Fashion Becomes Her

LONDON, UK–My interview with Lara Bohinc does not get off to a good start. I have builders in, banging away, and she is in the midst of trying to get things prepared and ready for the launch of her new spring/summer 2012 collection. So instead of meeting in person, we decide to do a phone interview and with all the noise in the background disturbing my concentration and her being stretched for time, the conversation took some time to flow. “It’s never a good time to talk,” she says, sounding a bit harried, when I ask her how she is. But once we get to talking, the interview goes better and at the end, she apologizes for being rushed.

When I first met her six years ago for a piece I wrote in Newsweek, Bohinc was more relaxed, because at that time she did not have the pressure of having a store (which opened just off Sloane Street in London in 2007) nor had her brand expanded beyond jewelry. But since then Bohinc— who studied graphic and industrial design in Ljubljana before moving to London and gaining a M.A. in jewelry and metalwork at London’s Royal College of Art in 1996—has expanded her designs to include scarf, handbag and shoe collections as well writing a weekly blog for British Vogue. “Lara was one of the first people to bring that whole statement and costume jewelry back again and she has become quite a big name in terms of that,” says Natalie Hartley, senior fashion editor for the British version of InStyle magazine. “She has been clever because she [brings] the same themes and shapes from her jewelry into her in her shoes and scarves. The look is instantly recognizable. It is not like she came out of nowhere entering the shoe market where no one had heard of her. If you are into her style, than this is the perfect next taste.”

FWTJ01-Tatjana-Stiletto-Gold-py-754x1024Moving to London to pursue here career in fashion was something she says she had to do. “I simply did not have another choice,” she tells me. “In Slovenia there are really no jobs in fashion and if you are serious about fashion you need to be close to that in London, Paris or New York.” In 1997 she not only won the Marks and Spencer New Generation design award but also set up her own label, Lara Bohinc 107 and began exhibiting for the first time at London fashion week. Since then she has worked with labels including Gucci, Lanvin and Cartier and counts Madonna, Cameron Diaz, Kate Moss and Michelle Obama among her legion of fans. “The best thing about her is that her style is easily recognizable,” says Dimi Gaidatzi, who writes about fashion for Greek Vogue and the Financial Times. “Her style is unique, with hints of Art Deco, yet it’s very simple and feminine. Her work is very much copied on the high street and that is the ultimate form of flattery.”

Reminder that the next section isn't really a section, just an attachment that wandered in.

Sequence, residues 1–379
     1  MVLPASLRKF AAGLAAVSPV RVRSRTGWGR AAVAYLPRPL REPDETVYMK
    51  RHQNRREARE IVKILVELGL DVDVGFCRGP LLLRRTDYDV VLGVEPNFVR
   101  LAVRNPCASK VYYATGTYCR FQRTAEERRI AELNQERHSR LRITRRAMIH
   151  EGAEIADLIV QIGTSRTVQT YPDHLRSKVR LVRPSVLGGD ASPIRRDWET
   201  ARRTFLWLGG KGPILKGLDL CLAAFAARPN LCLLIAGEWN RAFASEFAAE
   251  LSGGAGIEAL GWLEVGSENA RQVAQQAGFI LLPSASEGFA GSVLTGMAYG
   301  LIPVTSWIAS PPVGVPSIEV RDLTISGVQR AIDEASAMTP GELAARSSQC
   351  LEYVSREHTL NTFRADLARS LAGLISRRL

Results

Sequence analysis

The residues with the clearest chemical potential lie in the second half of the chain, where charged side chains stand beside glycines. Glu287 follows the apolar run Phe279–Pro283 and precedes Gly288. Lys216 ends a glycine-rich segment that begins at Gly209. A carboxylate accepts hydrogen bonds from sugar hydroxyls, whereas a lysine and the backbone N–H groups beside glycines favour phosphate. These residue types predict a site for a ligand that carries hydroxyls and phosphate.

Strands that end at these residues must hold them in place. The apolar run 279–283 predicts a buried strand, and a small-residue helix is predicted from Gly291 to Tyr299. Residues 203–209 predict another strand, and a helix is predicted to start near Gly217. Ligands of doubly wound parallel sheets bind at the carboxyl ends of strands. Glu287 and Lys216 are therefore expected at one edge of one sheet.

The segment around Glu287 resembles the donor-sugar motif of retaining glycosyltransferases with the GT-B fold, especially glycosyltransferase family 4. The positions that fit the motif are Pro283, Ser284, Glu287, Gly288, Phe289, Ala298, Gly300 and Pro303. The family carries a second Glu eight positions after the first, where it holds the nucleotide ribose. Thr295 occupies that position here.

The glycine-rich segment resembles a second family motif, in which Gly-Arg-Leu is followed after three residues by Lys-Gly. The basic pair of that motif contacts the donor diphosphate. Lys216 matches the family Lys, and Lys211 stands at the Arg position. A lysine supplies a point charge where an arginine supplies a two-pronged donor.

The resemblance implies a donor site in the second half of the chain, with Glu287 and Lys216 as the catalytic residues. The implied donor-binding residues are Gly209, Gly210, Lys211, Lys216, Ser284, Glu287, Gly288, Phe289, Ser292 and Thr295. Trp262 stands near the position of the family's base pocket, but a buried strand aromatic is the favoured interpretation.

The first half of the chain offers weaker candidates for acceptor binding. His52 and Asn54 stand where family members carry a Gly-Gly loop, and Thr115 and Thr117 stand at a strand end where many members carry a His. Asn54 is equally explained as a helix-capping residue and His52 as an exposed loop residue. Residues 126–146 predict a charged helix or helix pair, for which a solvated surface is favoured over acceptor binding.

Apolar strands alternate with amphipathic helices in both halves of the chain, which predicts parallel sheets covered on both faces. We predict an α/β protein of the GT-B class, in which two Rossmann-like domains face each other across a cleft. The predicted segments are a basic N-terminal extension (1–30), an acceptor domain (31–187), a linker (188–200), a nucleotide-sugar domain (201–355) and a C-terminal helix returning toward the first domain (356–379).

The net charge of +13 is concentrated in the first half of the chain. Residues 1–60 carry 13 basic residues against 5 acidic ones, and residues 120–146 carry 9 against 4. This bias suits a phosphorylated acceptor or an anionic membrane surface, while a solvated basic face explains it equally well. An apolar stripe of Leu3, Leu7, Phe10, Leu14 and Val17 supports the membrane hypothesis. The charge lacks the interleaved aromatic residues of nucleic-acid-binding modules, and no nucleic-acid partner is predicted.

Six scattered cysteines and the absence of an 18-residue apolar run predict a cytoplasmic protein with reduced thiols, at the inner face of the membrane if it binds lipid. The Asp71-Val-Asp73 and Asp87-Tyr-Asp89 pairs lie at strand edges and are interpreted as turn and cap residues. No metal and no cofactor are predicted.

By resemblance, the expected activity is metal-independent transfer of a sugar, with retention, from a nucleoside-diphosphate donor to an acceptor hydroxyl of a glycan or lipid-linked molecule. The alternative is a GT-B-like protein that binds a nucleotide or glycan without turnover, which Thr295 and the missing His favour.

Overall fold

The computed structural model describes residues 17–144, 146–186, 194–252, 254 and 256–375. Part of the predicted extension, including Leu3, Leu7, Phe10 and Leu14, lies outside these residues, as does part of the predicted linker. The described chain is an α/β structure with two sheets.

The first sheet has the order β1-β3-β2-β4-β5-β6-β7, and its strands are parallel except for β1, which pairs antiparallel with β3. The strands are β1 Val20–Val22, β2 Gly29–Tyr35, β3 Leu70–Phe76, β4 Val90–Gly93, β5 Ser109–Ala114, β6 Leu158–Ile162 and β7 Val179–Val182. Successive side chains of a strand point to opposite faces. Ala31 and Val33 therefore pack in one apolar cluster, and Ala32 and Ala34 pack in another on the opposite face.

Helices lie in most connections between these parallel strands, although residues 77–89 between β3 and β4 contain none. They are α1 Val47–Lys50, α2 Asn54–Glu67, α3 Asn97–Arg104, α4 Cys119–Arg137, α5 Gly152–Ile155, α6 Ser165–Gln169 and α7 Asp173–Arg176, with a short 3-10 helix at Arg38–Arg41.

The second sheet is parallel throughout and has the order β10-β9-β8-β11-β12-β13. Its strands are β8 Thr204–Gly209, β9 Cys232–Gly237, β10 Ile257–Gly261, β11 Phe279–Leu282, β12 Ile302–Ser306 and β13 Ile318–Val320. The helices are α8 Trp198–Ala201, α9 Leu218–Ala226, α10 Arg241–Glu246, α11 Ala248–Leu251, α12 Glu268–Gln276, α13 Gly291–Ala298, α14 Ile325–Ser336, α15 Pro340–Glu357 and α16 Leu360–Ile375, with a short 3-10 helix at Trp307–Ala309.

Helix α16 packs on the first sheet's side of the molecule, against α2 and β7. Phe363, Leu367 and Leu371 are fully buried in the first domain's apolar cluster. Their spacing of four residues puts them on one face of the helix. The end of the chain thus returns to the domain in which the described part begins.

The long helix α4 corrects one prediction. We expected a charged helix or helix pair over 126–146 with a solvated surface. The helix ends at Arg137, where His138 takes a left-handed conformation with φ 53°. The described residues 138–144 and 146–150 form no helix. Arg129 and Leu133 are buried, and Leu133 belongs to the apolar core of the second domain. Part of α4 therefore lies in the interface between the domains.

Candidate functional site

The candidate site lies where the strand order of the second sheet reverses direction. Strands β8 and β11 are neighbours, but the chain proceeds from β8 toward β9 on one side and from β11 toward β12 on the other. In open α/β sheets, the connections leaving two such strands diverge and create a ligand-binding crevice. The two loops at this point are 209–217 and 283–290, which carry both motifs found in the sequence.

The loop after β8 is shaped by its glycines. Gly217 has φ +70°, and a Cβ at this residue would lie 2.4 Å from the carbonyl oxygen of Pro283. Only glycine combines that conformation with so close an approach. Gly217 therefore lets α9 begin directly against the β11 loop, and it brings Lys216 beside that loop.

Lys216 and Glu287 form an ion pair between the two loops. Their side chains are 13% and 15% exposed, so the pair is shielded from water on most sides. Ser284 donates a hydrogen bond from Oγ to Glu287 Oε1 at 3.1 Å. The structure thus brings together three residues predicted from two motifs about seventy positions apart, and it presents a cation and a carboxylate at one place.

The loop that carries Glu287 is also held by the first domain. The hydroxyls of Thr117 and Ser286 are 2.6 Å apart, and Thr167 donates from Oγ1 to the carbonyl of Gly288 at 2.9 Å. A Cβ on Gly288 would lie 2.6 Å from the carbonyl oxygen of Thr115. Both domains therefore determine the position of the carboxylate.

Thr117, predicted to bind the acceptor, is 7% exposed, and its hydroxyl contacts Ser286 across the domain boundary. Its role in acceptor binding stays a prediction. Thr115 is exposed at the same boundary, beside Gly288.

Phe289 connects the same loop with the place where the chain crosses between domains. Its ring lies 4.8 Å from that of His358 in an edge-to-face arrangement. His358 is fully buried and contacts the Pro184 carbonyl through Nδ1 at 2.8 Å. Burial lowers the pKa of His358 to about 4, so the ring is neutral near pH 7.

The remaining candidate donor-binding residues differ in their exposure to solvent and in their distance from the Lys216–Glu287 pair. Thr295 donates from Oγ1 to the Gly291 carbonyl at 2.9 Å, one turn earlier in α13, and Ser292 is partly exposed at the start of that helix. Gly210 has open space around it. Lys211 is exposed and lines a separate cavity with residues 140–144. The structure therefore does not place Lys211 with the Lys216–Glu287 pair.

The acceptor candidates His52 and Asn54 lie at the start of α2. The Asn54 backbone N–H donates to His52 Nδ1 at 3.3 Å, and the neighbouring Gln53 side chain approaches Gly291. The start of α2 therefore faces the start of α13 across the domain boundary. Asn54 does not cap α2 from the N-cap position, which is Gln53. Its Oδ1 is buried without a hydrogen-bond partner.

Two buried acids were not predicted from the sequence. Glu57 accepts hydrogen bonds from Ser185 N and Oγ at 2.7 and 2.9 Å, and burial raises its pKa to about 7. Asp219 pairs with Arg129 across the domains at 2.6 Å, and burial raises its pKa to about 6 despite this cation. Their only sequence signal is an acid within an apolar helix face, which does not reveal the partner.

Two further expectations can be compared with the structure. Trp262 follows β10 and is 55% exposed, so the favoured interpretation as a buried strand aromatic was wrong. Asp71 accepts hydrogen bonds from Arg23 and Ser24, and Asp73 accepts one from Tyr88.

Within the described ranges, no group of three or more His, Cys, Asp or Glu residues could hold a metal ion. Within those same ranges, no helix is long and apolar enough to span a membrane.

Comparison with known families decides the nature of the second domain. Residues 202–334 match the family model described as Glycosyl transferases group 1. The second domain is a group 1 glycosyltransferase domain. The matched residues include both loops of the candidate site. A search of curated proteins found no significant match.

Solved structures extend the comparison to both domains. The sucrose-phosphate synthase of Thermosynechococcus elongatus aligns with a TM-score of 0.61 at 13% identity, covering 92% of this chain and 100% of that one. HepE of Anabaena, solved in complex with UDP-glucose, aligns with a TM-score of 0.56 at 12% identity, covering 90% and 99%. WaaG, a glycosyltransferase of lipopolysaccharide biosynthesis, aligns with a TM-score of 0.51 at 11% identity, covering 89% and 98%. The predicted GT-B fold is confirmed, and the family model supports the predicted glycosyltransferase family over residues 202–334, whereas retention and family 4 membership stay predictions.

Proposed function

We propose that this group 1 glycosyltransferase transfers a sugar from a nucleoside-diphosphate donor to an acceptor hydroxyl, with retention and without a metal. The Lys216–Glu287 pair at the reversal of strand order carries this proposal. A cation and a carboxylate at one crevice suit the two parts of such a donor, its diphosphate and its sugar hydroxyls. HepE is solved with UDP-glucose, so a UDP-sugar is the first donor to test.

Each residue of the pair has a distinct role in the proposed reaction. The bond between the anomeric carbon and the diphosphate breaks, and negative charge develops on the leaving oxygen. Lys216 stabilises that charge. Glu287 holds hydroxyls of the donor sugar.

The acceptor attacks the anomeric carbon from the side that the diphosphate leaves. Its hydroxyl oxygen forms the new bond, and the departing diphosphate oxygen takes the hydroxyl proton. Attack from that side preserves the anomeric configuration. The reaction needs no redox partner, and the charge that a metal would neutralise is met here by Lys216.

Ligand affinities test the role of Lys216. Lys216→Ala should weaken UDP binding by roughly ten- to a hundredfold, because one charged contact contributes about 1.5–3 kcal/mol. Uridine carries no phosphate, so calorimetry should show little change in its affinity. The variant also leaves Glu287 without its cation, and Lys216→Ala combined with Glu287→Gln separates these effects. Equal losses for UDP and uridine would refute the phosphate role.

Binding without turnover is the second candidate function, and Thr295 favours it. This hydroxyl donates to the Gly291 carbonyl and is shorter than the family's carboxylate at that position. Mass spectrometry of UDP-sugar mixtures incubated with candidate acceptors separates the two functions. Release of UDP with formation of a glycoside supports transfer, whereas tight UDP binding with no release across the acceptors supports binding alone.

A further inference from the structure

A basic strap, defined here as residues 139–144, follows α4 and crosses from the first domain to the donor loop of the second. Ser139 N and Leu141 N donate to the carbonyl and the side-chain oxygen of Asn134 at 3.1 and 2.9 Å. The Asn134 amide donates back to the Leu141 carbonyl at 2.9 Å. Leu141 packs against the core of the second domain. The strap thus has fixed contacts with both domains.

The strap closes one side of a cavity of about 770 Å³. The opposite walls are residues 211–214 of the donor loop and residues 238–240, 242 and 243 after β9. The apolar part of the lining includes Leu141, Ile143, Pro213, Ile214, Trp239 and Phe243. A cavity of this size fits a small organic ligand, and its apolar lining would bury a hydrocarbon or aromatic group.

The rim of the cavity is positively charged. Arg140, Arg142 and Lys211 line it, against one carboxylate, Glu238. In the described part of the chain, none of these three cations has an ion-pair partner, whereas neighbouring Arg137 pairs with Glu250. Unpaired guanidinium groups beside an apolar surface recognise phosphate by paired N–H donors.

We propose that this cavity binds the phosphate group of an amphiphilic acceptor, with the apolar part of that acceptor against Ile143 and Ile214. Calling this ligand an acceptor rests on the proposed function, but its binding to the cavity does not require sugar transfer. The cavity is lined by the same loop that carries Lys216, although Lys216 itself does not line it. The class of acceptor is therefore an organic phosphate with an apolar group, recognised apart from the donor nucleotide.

Bohinc, whose business partner is the Swedish entrepreneur Ernst Malstron (one of the co-founders of fashion e-commerce website that went bankrupt in 2000 and was considered to be one of the biggest busts in history), also launched an e-commerce website this spring. “It was always a plan to develop the website,” she says, as her mobile phone rings in the background. “We want to branch out into America, which we really have not touched at all and also into other countries where we are not so well known. That was another reason in launching the website, it becomes a global shop.” Gaidatzi says that Bohinc was smart to move into the e-commerce direction. “E-commerce is very crucial because you can approach markets you have never dreamed of before,” she says. “I think it is important that Lara has chosen Malstron because he has lots of experience in that area and he is a well-known name. She does not have to spend money opening up a boutique in, say, New York and she will have faster access to markets where she wants to build her brand.”

F_LARA_BOHINC-high-res1-804x1024At the moment, her company is still privately owned. But she says they are hoping to expand the company—and that means investment and the possibility of being bought by a larger fashion conglomerate. “It is an inevitable part of growth unless you are personally cash rich. So you have to accept that [if you are bought] you are losing some control but this is part of the game.” For now she says they are focusing on expanding the company. “I would really like to calm down with launches a bit and focus on expanding and to be very strong, rather than push out everywhere.”

In the fashion world, of course, there is always the pressure not only to be original and but also to remain relevant in the quickly changing fashion world. “There is pressure in most jobs, that is part of the responsibility,” she pontificates. “The problem is to be creative yet also be commercially successful. It is trying to please two opposite ranges of the spectrum and it is hard to find that balance. It’s like asking a musician to write a jingle for a commercial and also to do an album that will win an NME award. That is the equivalent and I think most designers find that hard.”

These days Bohinc says she considers herself to be a London designer and believes her background is not important in the fashion world. “This question of nationality is irrelevant. It is so international these days that it does not matter where you are from,” she says. “You do not get any kind of break being from a certain country—being Slovenian, Turkish, American—it does not matter. I also do not think that because I am from Slovenia that Slovenian designers will have it any easier. If you are good, you will find it easier and if you are not, well, then you will find it more difficult to break into the fashion world.”

Photos courtesy of Lara Bohinc